When offered in the spirit of constructive criticism and team building, I have found this sort of exercise to be very valuable, not only for the performer in question, but also in terms of raising students' awareness as to how to appraise a dance and offer constructive criticism.

    I love seeing how my students' eyes shine when receiving their oral feedback from everyone. Then again, I am blessed with wonderful students!


    Khalida
    Last edited by khalida777; 04-10-2011 at 07:12 PM.


  20. #20
    Official BHUZzer Devora's Avatar
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    Re: Teaching intermediate students how to critique kindly.

    Standard advice on critiquing public speaking often includes the idea of
    "Commendation before Condemnation" - I know that's sort of like the sandwich, but there's also "A spoonful of sugar helps the medicine go down," etc., and there's a grain of truth to that helping people to absorb critique.

    Ok, maybe this is a dumb or condescending idea, but if critiquing is going to be part of the class, what if the instructor includes a segment where she herself does a short performance for the students to critique, purposely including some subtly "too-busy" hands or a too-wide stance, poor zill-playing, etc., ask for feedback and then she can "critique the "critique-ers" by pointing out things they have missed and setting a tone where even the "best" dancer in the room has shown some poor form and making the whole exercise a bit more lighthearted?

    -Devora
    Last edited by Devora; 04-10-2011 at 08:08 PM.
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  21. #21
    Advanced BHUZzer Elibelinde's Avatar
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    Re: Teaching intermediate students how to critique kindly.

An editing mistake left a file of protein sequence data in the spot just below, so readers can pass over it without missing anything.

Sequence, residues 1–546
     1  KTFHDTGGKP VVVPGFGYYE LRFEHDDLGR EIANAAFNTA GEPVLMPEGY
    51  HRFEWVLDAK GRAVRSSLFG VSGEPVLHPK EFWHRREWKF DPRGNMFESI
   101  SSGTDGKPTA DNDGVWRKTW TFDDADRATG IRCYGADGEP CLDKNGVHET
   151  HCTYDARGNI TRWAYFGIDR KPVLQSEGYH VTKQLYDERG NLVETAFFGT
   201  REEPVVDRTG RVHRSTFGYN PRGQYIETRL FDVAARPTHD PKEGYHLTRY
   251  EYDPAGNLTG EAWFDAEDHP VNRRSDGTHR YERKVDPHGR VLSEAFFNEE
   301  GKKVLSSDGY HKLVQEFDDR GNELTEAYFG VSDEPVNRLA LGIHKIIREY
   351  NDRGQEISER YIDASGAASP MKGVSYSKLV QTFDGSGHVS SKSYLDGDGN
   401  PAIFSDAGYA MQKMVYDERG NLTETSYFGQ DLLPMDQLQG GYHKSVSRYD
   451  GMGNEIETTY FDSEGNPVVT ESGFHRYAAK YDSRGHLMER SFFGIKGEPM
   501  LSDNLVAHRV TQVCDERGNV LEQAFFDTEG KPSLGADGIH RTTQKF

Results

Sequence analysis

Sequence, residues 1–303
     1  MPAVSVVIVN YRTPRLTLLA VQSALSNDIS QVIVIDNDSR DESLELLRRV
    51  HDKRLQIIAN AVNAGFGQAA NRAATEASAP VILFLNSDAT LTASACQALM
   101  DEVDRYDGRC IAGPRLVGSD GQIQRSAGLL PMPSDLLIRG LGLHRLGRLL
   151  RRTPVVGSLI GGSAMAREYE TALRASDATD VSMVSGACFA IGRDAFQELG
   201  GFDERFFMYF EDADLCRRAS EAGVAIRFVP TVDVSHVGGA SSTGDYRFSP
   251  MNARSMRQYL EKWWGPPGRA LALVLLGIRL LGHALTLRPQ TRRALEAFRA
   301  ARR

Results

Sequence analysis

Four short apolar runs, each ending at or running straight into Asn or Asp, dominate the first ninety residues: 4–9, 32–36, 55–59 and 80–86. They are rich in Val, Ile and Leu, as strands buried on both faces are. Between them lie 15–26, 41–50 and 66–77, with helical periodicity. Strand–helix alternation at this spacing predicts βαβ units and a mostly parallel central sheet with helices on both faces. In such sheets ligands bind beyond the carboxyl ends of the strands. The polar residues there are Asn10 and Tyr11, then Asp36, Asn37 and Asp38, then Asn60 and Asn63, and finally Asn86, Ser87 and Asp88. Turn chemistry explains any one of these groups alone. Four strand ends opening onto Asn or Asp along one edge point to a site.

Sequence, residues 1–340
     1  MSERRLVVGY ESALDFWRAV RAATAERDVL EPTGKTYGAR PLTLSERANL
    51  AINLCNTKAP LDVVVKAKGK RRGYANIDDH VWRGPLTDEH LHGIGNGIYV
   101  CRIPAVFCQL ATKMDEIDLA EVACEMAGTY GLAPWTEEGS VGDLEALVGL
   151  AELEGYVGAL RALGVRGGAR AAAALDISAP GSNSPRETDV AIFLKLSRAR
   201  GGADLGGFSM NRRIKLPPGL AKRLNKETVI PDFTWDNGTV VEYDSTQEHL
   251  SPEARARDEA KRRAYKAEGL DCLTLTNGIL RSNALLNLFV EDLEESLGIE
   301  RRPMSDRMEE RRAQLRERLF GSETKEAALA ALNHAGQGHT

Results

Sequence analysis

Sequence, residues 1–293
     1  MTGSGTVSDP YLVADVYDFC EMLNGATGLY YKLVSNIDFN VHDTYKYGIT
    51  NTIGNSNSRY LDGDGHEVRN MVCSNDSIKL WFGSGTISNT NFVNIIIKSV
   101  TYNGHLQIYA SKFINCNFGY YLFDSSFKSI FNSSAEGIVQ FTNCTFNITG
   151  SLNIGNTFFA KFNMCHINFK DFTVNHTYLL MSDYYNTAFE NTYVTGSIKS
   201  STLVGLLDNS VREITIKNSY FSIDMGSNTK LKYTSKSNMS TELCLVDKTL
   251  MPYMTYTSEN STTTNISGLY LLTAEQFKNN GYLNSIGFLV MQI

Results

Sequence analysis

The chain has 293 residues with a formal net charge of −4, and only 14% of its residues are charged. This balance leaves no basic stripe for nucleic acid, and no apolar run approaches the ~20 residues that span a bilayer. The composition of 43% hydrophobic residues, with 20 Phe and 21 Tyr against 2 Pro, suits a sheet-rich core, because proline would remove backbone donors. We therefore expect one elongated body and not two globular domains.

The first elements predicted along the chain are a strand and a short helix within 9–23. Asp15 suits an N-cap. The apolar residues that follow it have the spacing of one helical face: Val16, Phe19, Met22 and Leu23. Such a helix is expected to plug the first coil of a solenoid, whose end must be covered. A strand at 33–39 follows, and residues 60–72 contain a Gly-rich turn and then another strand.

Quote Originally Posted by anala View Post
    I think asking anyone but the instructor to give meaningful critique is playing with fire. It can create problems with the group dynamic in a troupe. There is a difference between dancers going over rough spots in a choreo with each other (My left foot is where? My palm is pointing sideways?) and commenting on each others core technique.
    These were my thought too, right away.


  22. #22
    Advanced BHUZzer badriya_al_ahmar's Avatar
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    Re: Teaching intermediate students how to critique kindly.

    Quote Originally Posted by Lara L View Post
    I think it is actually an important skill to develop. Knowing how to watch a dance and pick it apart for both the good & the bad & how to turn that into constructive criticism can help me evaluate my own dancing as well. ... As long as everyone knows we are all working together to improve the group as a whole and has a good model for how to give constructive criticism (and knows that in the end, the director's word is law, no matter what our personal opinions are!) it can actually bring a group together.
    I completely agree with the above. A few other Bhuzzers and I have been regular students of a teacher who regularly had us prepare pieces to perform for our class (completely informal setting, presented as works in progress) for group feedback. I definitely learned a lot about how to assess in general and also learned to apply that skill to watching my own video or thinking about my own dancing. Moreover because we all extended trust in each other's ability to be kind and honest, it really did bring us together as a group. Not every student in the group was ever going to perform outside of student recitals, but every student did take dance seriously enough to want to try their best, and we all respected that in each other, critiquing to the level that the student was at.